Where a matrimonial home exists, i.e., where both parents share a settled intent to reside, determining the habitual residence of an infant presents no particular problem, it simply calls for application of the analysis under the Convention with which courts have become familiar. Where the parents' relationship has broken down, however, as in this case, the character of the problem changes. Of course, the mere fact that conflict has developed between the parents does not ipso facto disestablish a child's habitual residence, once it has come into existence. But where the conflict is contemporaneous with the birth of the child, no habitual residence may ever come into existence.
That is not to say that the infant's habitual residence automatically becomes that of his mother. In Nunez-Escudero v. Tice-Menley, 58 F.3d 374 (8th Cir. 1995), Nunez-Escudero and Tice-Menley married in Mexico in August 1992. A child was born there in July 1993. In September, Tice-Menley left Mexico with her two-month-old infant and returned to the United States. Nunez-Escudero filed a petition under the Convention alleging that his son had been wrongfully removed. The district court denied the petition on the ground that return of the child would subject him to a grave risk of harm. The court of appeals reversed and remanded. The mother contended that the court should affirm, notwithstanding the erroneous grave risk of harm determination, on the ground that the infant was not an habitual resident of Mexico. The court rejected the argument and remanded for a determination of the child's habitual residence, stating.
To say that the child's habitual residence derived from his mother would be inconsistent with the Convention, for it would reward an abducting parent and create an impermissible presumption that the child's habitual residence is where the mother happens to be.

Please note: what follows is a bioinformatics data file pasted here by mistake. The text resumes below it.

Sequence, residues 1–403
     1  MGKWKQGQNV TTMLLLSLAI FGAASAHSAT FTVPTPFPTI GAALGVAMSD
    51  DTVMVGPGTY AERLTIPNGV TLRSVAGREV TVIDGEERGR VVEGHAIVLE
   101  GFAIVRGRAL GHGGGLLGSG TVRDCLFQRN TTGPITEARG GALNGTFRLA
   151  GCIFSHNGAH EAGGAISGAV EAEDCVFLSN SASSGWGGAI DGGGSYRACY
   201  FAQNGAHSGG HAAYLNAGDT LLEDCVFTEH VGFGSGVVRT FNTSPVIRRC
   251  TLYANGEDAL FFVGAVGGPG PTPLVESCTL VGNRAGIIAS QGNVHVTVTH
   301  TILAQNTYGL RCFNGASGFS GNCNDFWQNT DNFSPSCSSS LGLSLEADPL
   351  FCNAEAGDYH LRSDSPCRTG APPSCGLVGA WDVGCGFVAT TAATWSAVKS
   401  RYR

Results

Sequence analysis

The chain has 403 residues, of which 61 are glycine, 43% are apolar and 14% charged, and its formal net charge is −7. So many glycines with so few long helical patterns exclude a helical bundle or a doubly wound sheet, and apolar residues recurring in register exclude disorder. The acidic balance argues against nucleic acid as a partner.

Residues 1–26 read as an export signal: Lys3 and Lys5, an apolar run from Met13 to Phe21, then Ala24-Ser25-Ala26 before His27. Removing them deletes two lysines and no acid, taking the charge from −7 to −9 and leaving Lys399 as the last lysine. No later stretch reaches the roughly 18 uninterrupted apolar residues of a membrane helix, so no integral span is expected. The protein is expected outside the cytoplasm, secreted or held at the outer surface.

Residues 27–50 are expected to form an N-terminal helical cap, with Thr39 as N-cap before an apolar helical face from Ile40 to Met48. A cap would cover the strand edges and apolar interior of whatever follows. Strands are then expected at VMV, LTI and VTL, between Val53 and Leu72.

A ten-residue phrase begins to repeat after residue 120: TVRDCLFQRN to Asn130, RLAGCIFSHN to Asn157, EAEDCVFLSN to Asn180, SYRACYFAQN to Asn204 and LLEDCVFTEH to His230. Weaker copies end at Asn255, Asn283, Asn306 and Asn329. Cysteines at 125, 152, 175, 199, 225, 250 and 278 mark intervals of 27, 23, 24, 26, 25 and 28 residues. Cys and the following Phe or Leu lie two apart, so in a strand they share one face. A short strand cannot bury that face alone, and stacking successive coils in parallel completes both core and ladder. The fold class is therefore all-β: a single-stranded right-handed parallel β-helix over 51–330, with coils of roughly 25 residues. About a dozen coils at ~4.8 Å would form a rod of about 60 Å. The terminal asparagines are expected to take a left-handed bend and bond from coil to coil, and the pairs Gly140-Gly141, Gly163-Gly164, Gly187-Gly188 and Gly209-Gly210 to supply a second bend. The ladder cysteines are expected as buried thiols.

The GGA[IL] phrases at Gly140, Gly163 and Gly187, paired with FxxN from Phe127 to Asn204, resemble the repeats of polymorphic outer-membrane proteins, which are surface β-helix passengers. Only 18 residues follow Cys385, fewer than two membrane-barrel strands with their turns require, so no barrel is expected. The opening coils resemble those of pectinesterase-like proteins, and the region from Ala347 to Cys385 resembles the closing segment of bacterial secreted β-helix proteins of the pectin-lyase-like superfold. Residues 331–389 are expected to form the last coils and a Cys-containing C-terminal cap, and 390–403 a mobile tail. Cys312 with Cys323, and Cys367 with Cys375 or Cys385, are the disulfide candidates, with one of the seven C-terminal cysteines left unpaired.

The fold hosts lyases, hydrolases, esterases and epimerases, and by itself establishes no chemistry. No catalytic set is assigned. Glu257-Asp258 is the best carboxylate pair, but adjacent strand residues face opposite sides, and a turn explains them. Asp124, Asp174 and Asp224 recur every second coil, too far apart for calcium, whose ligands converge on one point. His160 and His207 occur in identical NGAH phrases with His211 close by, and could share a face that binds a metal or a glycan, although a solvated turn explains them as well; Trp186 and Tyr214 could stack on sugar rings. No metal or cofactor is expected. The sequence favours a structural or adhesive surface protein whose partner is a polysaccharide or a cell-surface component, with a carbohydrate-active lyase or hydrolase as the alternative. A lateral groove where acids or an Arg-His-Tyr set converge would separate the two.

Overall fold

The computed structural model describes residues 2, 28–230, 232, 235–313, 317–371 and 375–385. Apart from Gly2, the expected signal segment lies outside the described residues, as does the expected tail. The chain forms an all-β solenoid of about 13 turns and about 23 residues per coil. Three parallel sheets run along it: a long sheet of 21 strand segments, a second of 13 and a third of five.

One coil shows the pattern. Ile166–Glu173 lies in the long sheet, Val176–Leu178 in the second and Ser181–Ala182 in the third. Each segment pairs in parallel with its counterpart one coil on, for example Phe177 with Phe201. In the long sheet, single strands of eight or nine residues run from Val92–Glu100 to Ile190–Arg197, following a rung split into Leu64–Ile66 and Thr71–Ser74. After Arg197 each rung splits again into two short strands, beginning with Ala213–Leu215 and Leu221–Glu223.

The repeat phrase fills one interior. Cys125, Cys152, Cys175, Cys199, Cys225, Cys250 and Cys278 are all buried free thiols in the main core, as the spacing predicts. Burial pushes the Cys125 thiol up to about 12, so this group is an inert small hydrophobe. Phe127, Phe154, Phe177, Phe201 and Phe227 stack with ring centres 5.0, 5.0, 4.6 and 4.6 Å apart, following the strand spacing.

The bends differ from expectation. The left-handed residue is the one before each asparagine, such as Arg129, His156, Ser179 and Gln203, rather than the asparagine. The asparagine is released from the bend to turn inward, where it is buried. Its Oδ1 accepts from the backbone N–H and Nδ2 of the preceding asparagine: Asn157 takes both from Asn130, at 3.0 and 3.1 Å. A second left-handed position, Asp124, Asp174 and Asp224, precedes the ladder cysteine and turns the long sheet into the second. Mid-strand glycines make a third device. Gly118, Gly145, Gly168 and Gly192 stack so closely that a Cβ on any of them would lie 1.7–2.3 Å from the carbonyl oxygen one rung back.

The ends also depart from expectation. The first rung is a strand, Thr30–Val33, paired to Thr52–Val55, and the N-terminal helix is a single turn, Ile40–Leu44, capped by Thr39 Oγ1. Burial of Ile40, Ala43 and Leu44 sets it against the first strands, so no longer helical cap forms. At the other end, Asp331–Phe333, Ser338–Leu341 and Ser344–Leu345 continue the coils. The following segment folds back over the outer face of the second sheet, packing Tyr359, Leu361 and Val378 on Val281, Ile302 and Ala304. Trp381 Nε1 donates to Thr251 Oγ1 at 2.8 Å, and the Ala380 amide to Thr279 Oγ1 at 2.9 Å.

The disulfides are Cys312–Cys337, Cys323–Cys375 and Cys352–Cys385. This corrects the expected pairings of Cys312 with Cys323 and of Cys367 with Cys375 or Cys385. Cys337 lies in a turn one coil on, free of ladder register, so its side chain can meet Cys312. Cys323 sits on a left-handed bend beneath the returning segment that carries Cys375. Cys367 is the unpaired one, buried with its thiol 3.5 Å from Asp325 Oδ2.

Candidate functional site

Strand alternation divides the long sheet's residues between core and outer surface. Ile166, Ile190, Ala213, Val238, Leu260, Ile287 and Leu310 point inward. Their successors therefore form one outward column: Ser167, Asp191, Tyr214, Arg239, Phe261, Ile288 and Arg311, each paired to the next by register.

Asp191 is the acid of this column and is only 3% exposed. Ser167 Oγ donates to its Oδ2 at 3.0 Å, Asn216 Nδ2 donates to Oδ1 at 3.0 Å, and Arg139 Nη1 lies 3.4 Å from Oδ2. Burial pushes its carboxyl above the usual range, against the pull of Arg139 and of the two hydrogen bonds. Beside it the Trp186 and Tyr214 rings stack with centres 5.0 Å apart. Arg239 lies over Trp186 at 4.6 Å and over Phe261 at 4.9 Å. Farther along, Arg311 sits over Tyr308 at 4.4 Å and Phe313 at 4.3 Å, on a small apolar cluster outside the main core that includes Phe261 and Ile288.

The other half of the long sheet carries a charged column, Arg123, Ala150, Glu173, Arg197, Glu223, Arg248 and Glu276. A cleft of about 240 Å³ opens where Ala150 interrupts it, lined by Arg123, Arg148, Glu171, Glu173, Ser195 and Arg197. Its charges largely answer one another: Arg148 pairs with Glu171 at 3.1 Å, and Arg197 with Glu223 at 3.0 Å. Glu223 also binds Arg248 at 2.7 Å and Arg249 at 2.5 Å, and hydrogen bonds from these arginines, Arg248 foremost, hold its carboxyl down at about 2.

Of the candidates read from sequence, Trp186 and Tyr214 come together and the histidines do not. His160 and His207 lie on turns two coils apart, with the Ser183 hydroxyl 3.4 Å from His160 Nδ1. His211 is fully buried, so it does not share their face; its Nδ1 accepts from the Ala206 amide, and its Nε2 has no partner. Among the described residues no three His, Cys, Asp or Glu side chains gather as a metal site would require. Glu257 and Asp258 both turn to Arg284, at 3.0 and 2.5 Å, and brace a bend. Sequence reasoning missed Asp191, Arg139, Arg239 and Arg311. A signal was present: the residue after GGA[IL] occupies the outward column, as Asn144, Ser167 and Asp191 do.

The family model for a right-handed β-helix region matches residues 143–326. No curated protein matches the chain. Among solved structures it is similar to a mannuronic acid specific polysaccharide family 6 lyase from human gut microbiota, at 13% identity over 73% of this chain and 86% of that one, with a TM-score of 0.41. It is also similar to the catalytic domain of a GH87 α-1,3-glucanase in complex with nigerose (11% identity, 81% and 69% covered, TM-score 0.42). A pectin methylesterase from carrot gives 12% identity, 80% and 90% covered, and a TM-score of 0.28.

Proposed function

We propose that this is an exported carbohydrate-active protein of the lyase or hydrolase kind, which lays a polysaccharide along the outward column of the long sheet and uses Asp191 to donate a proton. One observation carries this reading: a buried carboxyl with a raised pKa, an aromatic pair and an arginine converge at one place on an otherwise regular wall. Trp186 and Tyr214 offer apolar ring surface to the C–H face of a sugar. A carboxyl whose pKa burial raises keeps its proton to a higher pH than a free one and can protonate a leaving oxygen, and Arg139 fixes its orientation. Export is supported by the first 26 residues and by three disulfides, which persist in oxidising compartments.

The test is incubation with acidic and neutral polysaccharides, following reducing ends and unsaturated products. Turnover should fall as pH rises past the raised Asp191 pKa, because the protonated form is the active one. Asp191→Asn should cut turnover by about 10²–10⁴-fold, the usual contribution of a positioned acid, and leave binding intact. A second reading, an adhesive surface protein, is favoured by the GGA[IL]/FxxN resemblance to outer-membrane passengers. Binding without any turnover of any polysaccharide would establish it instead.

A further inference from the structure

The instant case differs from Nunez-Escudero. Because the petitioner and respondent had married in Mexico and lived there together for nearly a year before the child was born, a basis existed for finding the child's habitual residence to be in Mexico. Here, in contrast, the district court found that respondent, at petitioner's urging, had traveled to Belgium to avoid the cost of the birth of the child and intended to live there only temporarily. She retained her ties to New York, not having taken her non-maternity clothes, holding only a three-month visa and living out of the two suitcases she brought with her. Thus, there is lacking the requisite "degree of common purpose" to habitually reside in Belgium. As explained in Re Bates,
There must be a degree of settled purpose. . . . All that is necessary is that the purpose of living where one does has a sufficient degree of continuity to be properly described as settled.
No. CA 122-89, High Court of Justice, Family Div'l Ct. Royal Courts of Justice, United Kingdom (1989), quoted in Feder, 63 F.3d at 223.
Because petitioner and respondent lacked the "shared intentions regarding their child's presence [in Belgium]," Feder, 63 F.3d at 224, Baby S did not become an habitual resident there. Even if petitioner intended that he become an habitual resident, respondent evidenced no such intention. Addressing the status of a newborn child, one Scottish commentator said:
[A] newborn child born in the country where his . . . parents have their habitual residence could normally be regarded as habitually resident in that country. Where a child is born while his . . . mother is temporarily present in a country other than that of her habitual residence it does seem, however, that the child will normally have no habitual residence until living in a country on a footing of some stability.
Dr. E.M. Clive, "The Concept of Habitual Residence," The Juridical Review part 3, 138, 146 (1997).
Based on the district court's factual findings, which have not been challenged, we conclude that petitioner failed to prove that Baby S was habitually resident in Belgium.
We affirm the district court's order.